Edward explains how Highland Hall at Stanford must meet the physical demands of college students in the winter and of typical hotel guests in the summer.
The following is a transcript of the video "Highland Hall can meet the demands of use all year long: A PCBC Conversation" :
Kenneth: I want to talk about Highland's Hall. The program's a little unusual there in that, the housing complex is kind of doing double duty.
Kenneth: So in the summer months, it's more like a hotel that for meetings and conferences because of Schwab Auditorium right there in the complex. So, that means it is getting even more use and did you know that going in? Like how?
Edward: Oh we did, a matter of fact it's a first, we have never done a project with that configuration. I found it interesting that it was for student housing during the year, but it really transformed into a hotel with maid service in the summertime, which I found fascinating. Also, without getting too much into the layout with the shared kitchen and all that, that's very unusual. I'm actually interested to see how it works. How two separate groups that move in during the summertime share that kitchen and who cleans it up.
Kenneth: Let's hope the maid does, yes?
Lee: That's, quite frankly, one of the reasons they came to Best Bath instead of using tile and grout because it is very hard to clean. It's going to leak, not when, how, where, it's going to leak. So the composite that we manufacture is very easy to clean and to maintain and they keep that pristine all of the time.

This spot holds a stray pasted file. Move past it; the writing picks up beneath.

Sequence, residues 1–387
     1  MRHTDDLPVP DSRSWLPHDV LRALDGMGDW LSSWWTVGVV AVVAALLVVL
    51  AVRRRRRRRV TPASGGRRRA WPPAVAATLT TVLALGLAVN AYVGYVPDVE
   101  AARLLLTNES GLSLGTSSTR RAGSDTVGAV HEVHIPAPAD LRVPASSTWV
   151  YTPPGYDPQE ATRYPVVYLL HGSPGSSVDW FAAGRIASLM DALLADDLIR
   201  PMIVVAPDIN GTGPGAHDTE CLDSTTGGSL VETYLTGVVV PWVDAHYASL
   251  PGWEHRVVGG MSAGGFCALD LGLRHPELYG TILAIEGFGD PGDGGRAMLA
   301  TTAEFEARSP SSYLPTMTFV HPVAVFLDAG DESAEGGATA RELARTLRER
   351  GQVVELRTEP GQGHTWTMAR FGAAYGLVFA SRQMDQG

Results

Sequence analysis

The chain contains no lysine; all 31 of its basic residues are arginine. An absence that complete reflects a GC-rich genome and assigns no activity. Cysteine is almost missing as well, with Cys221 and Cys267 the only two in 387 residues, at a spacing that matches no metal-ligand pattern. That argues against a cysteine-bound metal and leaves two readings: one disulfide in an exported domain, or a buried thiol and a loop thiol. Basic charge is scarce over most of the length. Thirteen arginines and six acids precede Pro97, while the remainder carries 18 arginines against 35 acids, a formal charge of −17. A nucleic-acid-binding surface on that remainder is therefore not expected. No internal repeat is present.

Kenneth: Which relates to the program because this is being used basically all year long.
Kenneth: And even-
Edward: Many times a day.
Kenneth: And more intensely, even in the summer.
Edward: And I would say, the student housing aspect of it has got to be one of the roughest-
Edward: -things on a bath or any plumbing fixtures from our standpoint, on any unit, because they are students, by definition.
Kenneth: It's tough.
Lee: And that concept is changing. Years ago they would have six, maybe eight students to one bathroom, and those bathrooms were just used as a sauna all day long. It's eight hours, nine hours of showering and water and toilet use.
Edward: At a time long, long ago, I was in college. I had forgot what it was like. I just went and picked up my son in Seattle. They had a shared shower and my wife and I went and helped him move, and I looked at that shower and I said, "I can't believe that someone actually took a shower in this thing," because I don't think it had been cleaned for eight months.